All the options are open, with Constitution Hill 7/4 to win the Arkle next spring and as short as 6/1 for the Queen Mother Champion Chase.

Connections have suggested an upcoming schooling session over fences could reveal plenty more. Watch this space!

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Cheltenham Gold Cup: Aintree winners move up in the antepost

EXCLUSIVE: Lucinda Russell on Grand National hopeful Corach Rambler

Shishkin once more answers the questions

It's been an in-and-out season for Shishkin, but he once more answered the doubters in his Aintree Bowl win on Thursday.

So good at Ascot in February and so frustrating when second at Cheltenham in the Ryanair, this was the ultimate end-of-term report card moment for Shishkin.

He took on a trip in excess of three miles for the first time and when Aintree specialist Ahoy Senor went clear at the second last obstacle, it appeared Shishkin and De Boinville were in trouble.

They were some six lengths in arrears, but rallied strongly and were in control before the winning post for a much-welcomed success.

It means two wins from four outings this season for Shishkin and he has gone a long way to proving his stamina.

Henderson will be eyeing up the King George in December - a race Shishkin is now 5/1 to win on Boxing Day - while talk will inevitably also turn towards the Gold Cup at Cheltenham next spring.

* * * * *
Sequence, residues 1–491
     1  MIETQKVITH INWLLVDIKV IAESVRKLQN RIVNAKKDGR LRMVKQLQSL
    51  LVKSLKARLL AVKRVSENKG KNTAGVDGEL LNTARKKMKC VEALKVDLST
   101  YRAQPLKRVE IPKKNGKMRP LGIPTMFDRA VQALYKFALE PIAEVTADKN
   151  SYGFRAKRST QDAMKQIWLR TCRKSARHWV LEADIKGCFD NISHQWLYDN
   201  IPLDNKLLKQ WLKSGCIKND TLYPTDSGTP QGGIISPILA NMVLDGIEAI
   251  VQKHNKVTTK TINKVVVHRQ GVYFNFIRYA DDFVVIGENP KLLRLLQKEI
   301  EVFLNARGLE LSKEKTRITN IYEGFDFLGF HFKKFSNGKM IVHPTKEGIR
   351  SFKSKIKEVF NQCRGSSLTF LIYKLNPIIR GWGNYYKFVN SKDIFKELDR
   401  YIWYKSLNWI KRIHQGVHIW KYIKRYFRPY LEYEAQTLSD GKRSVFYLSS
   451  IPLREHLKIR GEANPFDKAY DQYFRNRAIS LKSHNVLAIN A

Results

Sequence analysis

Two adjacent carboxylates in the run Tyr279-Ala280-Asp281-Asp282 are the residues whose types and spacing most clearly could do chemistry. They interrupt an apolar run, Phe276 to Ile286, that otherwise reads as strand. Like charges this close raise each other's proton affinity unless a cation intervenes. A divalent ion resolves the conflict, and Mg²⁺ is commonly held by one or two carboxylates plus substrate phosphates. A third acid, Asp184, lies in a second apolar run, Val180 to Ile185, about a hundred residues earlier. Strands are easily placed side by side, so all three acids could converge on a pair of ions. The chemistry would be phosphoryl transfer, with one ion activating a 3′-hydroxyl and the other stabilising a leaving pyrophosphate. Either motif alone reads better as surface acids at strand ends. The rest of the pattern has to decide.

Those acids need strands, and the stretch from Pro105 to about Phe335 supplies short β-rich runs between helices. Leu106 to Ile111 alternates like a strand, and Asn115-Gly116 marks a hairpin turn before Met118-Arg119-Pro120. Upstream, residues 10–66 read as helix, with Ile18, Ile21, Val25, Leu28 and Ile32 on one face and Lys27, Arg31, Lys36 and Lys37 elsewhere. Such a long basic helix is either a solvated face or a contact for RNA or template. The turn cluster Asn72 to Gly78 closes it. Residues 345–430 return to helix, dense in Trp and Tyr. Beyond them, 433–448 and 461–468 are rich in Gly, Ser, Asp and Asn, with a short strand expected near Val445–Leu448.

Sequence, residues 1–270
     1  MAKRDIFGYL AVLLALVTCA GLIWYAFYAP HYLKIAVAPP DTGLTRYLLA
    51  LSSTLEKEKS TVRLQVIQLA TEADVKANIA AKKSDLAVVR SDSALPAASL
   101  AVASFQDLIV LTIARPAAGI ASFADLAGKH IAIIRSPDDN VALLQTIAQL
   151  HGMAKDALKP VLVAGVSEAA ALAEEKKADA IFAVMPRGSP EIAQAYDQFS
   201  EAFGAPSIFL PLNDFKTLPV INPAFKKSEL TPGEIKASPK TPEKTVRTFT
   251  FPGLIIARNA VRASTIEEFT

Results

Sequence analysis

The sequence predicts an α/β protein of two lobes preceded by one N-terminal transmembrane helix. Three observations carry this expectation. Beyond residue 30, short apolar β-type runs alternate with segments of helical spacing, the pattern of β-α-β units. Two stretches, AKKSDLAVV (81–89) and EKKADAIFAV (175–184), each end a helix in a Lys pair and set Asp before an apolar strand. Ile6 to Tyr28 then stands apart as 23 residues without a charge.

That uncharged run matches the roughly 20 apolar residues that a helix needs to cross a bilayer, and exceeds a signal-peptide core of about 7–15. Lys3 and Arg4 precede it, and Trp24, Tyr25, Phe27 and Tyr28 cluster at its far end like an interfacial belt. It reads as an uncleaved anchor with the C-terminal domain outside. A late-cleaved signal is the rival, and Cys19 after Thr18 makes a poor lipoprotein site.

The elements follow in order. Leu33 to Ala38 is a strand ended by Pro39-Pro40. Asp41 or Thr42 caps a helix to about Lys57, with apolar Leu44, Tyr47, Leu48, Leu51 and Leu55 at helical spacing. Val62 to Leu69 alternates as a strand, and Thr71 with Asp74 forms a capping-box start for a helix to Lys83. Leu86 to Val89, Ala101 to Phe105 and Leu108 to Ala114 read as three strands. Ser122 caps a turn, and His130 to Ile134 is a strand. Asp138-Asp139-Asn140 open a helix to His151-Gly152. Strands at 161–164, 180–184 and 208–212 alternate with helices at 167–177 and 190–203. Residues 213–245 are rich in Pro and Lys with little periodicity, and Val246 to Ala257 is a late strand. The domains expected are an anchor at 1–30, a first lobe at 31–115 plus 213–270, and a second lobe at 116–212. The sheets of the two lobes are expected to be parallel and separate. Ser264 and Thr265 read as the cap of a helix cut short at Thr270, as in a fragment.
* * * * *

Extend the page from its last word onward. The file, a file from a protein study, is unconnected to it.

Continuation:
It's a door that Shishkin has certainly now pushed open for himself. He remains quite lightly-raced, though of course time is against him and no ten-year-old has won the Blue Riband since Cool Dawn in 1998.

Shishkin has shown a liking for ripping up the perceived script and at 12/1 it would be a brave call now to disparage his potential 2024 Cheltenham Gold Cup credentials.

It is set to be a hot division next term. Galopin Des Champs is the sitting king and 6/4 to remain in situ for Willie Mullins, while Gerri Colombe was very impressive in his Mildmay Novices' Chase win at Aintree on Friday and has a bright future.

Gordon Elliott's rising star is now 8/1 second favourite for the Gold Cup next March.

Russell signs off - this time for good!

Jockey Davy Russell has retired from race riding and this time there aren't going to be any U-turns!

The two-time Grand National winner announced he was quitting in December, but returned within a month to deputise for the injured Jack Kennedy, answering the call from trainer Elliott.

He went to Cheltenham last month with a decent book of rides, but returned winless. At Aintree, Gerri Colombe and Irish Point provided the 43-year-old with a brace of Grade 1 successes to put the seal on his career.

He confirmed it was his final day as a rider before heading out in the National, where his partner Galvin was a faller at the first fence. Despite that, Russell was pleased with his lot and the memories of his career.

"My wife was very upset after Cheltenham," he said. "Her dad passed away recently and she stressed with me that I needed to get back in and not finish on the note that I finished on.

"Then Gordon jumped in as well. The two of them made it very comfortable for me.

"I was happy enough to finish after Cheltenham, I'm big enough to accept it. I'm lucky I can go back in the years and remember them.

"But this really puts a shine on the trophy. Aintree is a marvellous place and these big winners are hard to come by, so let's enjoy them while they are here."